Say I have an option "ENABLE_Foo" in CMake:
option(ENABLE_Foo "Tell cmake to enable the package Foo" ON)
I want to detect whether the user specified
-DENABLE_Foo=OFF, or whether the specified initial value
ON is being used.
The reason I want to tell whether the user turned the option on or whether it is turned on by default is because Foo requires an additional package and I want to cover these cases:
1) User did not specify a value for the option
a) Package Foo is found -> use Foo
b) Package Foo is not found -> silently turn off Foo
2) User specified a value for the option
a) User said
i) Package Foo is found -> use Foo
ii) Package Foo is not found -> fatal error message
b) User said
-DENABLE_Foo=OFF -> don't use Foo and don't try to find it
If there is no way to tell whether the option value came from user input or from the initial value, are there other ways to achieve what I have outlined above?
If the user gives
-DENABLE_Foo=ON on the command line, an entry for the respective option will be added to the CMake cache. While it is possible to inspect this value before invoking the
option command, you cannot distinguish whether the value was originally set by the user on the command line, or by the
option command itself on a previous CMake run.
Still, achieving the behavior you described is possible.
The main issue is that you cannot model the configuration options you want with just one flag. You are actually dealing with two different options.
The first is whether support for Foo is desired at all, the second is whether Foo is to be considered an optional or a mandatory dependency. Note that the value of the latter is irrelevant in case support for Foo is disabled. One way to handle this would be to remove the option completely in this case. This allows for the following approach:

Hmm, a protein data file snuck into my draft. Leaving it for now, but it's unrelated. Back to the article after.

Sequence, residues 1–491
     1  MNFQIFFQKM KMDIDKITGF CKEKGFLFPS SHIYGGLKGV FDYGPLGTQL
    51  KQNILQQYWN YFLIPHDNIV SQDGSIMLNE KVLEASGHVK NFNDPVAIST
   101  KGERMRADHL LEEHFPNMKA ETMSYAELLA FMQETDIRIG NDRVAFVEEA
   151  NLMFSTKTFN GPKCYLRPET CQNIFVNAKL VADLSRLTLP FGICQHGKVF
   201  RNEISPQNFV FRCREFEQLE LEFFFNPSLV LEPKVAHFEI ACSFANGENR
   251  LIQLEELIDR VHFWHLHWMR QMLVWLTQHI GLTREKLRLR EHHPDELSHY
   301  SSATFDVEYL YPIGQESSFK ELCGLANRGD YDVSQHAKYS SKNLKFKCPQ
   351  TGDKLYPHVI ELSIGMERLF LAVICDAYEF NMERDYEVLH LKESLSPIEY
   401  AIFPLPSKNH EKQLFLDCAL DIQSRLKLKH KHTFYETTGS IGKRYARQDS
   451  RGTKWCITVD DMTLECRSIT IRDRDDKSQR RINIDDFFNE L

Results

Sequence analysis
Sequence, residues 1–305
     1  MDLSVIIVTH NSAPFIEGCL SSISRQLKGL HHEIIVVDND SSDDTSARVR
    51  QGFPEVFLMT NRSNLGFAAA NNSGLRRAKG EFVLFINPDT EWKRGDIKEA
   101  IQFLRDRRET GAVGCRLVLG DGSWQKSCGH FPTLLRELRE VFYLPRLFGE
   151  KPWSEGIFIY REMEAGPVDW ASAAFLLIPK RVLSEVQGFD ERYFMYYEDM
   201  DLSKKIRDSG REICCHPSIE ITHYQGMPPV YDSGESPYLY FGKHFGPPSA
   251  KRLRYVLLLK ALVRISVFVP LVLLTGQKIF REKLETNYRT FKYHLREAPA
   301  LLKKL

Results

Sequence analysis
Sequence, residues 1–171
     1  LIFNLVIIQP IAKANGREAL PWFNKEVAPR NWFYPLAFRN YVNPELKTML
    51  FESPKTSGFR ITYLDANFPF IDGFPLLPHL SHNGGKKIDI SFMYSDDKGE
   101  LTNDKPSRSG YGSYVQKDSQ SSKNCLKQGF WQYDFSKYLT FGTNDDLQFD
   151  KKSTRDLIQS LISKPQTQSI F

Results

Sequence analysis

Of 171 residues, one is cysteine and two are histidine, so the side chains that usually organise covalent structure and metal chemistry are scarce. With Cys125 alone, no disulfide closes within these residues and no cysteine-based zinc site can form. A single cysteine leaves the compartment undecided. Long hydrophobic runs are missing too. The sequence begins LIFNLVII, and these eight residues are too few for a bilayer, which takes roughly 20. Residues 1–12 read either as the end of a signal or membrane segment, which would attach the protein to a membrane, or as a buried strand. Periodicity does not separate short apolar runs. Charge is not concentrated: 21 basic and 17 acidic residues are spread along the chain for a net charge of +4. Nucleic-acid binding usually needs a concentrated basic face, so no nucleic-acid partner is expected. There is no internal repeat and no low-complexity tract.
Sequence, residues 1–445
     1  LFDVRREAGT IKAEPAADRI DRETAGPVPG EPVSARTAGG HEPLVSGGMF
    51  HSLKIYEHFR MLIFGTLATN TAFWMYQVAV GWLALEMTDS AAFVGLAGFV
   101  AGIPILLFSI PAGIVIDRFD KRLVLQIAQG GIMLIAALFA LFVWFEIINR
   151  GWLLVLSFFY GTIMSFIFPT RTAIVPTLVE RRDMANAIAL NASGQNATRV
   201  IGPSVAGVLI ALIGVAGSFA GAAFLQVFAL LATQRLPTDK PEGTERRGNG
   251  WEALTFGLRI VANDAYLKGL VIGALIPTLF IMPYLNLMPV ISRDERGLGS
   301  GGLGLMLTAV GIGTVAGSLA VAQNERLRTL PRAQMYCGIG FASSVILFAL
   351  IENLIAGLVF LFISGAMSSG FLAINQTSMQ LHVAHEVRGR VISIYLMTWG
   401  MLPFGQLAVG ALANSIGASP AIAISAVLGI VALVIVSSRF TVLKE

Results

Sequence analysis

if(REQUIRE_Foo) # REQUIRE_Foo implies ENABLE_Foo unset(ENABLE_Foo CACHE) endif() option(ENABLE_Foo "Tell cmake to enable support for package Foo" ON) if(ENABLE_Foo) option(REQUIRE_Foo "Abort the build if Foo is not found." OFF) find_package(Foo) # assuming that FindFoo is a well-behaving find script, # which will set Foo_FOUND appropriately else() unset(REQUIRE_Foo CACHE) set(Foo_FOUND FALSE) endif() if(REQUIRE_Foo AND NOT Foo_FOUND) message(FATAL_ERROR "Required library Foo could not be found") endif()
In case the user wants to require Foo support (your case 2a) they would invoke CMake with
-DREQUIRE_Foo=TRUE. In case they want to disable Foo completely (your case 2b) they would use
-DENABLE_Foo=FALSE. If the user specifies nothing, you get the behavior from your case 1.
Assuming that the rest of the build system is already prepared to handle the case where Foo was not found (case 1b from your question), this should just work without further changes.
Note that even if you could detect whether the flag was set by the user, it would still be undesirable to implement the original behavior from your question.
Assuming we could detect it, the initial value of
REQUIRE_Foo in the above code would be set to true if and only if
ENABLE_Foo=ON was set on the command line. Doing this implicitly without also adding the
REQUIRE_Foo to the set of configuration options is problematic. A user would experience different behaviors on CMake runs even though the build options are the same. You should avoid magical behavior like this. It will only confuse users and give you a hard time debugging failing CMake runs.
Always make build options that depend on configuration given by the user visible to the user.